Writer shares her path through a writing slump by finding her "dark place"
I think of the dark rather as the deep: perhaps a seldom-visited place, but we know what dwells there. What we have to give the story, when we return with it from that place, is humanity--and that demands a weaving of every hue of experience and emotion. The authors whose stories have lived on for decades and centuries, all seemed to know this.
This is a great reminder that we need to get to the emotional truth in our writing and coax it out of the darkness. This is also a great reminder that the teacher is forever the student, too. Thanks, Leslie!
What a helpful and lovely essay, one I am reading just before putting my hand on the greasy old brass doorknob that I will turn before entering my own Dark Place.
Wow. Leslie! This was very helpful, and poignant. Having played sports I always took the teacher-coach dynamic as inherent until you called it out. I like how this shifted from telling with the pronouncements up front and showing with the somewhat illicit writing challenge.
In my own writing I’ve found that the more personal the more rewarding if not better. I’m going to channel my inner Orpheus.
Thanks for sharing!
Strikes me as a helpful, at times eloquent, personal statement about letting go of her defenses and going where she needed to, as writer, teacher, person. Problem some readers are having with the piece is, I think, mainly due to the teacherly, pronouncing (didactic) tone she doesn't quite escape. Calling yourself a fraud often comes off as a declaration of your own authenticity, which, when insisted upon, creates resistance. Still, several worthy takeaways and a lot of lovely writing.
thanks so much for such a good 'lesson'.. i am getting to a dfark place, and need to stay there.. it is a family narrative that I am 'writing;'. i keep writing, but now it is time to focus and do something with everything that i have written... that is the scary part.. thank you for sharing this..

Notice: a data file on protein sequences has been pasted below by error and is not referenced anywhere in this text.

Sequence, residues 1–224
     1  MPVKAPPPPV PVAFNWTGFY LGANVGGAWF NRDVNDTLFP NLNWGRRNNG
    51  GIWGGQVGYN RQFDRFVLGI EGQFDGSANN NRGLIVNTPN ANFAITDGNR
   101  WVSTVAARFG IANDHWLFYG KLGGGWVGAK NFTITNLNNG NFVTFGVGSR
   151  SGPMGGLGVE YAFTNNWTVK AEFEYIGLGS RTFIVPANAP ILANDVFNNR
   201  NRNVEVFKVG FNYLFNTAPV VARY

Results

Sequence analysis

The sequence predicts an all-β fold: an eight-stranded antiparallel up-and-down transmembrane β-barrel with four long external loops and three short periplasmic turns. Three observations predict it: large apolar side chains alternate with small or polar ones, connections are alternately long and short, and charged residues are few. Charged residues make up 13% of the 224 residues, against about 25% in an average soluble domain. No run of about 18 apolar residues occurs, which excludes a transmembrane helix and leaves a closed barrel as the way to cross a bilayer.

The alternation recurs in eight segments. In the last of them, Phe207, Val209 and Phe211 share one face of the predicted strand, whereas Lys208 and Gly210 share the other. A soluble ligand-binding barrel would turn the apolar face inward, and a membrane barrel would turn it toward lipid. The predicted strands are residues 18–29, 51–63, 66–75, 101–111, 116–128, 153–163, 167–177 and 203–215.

Truly gorgeous, and one of my favorite writing essays ever. I will read this again and again. This is the pep talk I needed. Thanks, Leslie.
Reminds me of my first "dark place short story" that was written from a very DARK place (literally) when I was in a low-rent hospital, suffering from a misdiagnosed ailment, a mysterious condition which caused such intense fever spikes that each day I drifted in and out of unconsciousness.
My parents had abandoned me, pre-signing all the medical releases so they would not have to visit.
Sympathetic nurses & volunteers, the Candy Stripers, took pity, becoming my only visitors.
And what a sublime education I received in that hospital; the nurses schooled me about a subject new to naive me - - NYC drug dealing, withdrawal, overdoses, addiction, shooting up, the differences between opium, morphine, heroin (called "horse" then), and cocaine.
I survived my illness.
I wrote a very different story for the school magazine than anyone else was writing at the time - - from this DARK place that my nurses granted me access to, at a time when I was not sure I'd live thru my illness, when it was not clear if the knock-out fever spikes would give me brain damage.
My story "No Way Out" was accepted and published.
I won a gold medal for literary achievement.
I was 15 years old.
My pen and Muse have stayed "on the dark path."
This was wonderful. Engrossing. And a much needed reminder for someone struggling to put words on paper. My dark places don't live far below the surface, and though they're easy to get to, I still hesitate.
Very good essay! I agree with Leslie Pietrzyk that we often need to go to a painful place to write a powerful piece of creative writing. I also agree with Donna Shanley that this place is deep but not always dark. It takes a lot of effort to dig deeply, to explore psychological wounds, to dredge up embarrassing experiences. The best writers are not afraid to journey to this painful realm and to expose their own vulnerability. Barbara Krasner is also right that our students can often teach us a lot. We teachers/professors need to open ourselves up to this kind of learning, as Leslie Pietrzyk did.
Best wishes! Janet Ruth Heller
website is https://www.janetruthheller.com
A wonderful piece. Congratulations on your courage to tell the shameful truth (feeling like a fraud), to reveal so well the teaching truth that it's so often a two-way street, and carry on with humor and authenticity.
I agree with Donna. For me it's the depths not the darkness. My writing changed remarkably after I read Chapter 42 of The Portrait of a Lady where Isabel Archer comes to some stunning realizations about the life she has vs. the life she dreamed of. My depths were writing about what it was to be the son of Holocaust survivors and I ended up making my name first as an American pioneer with the subject. For three years my college CW professor had been encouraging me to "write something real" and she beamed when I turned in a new story. This was it.
That just means the best poetry can only come from abuse...which is not a great sentiment to carry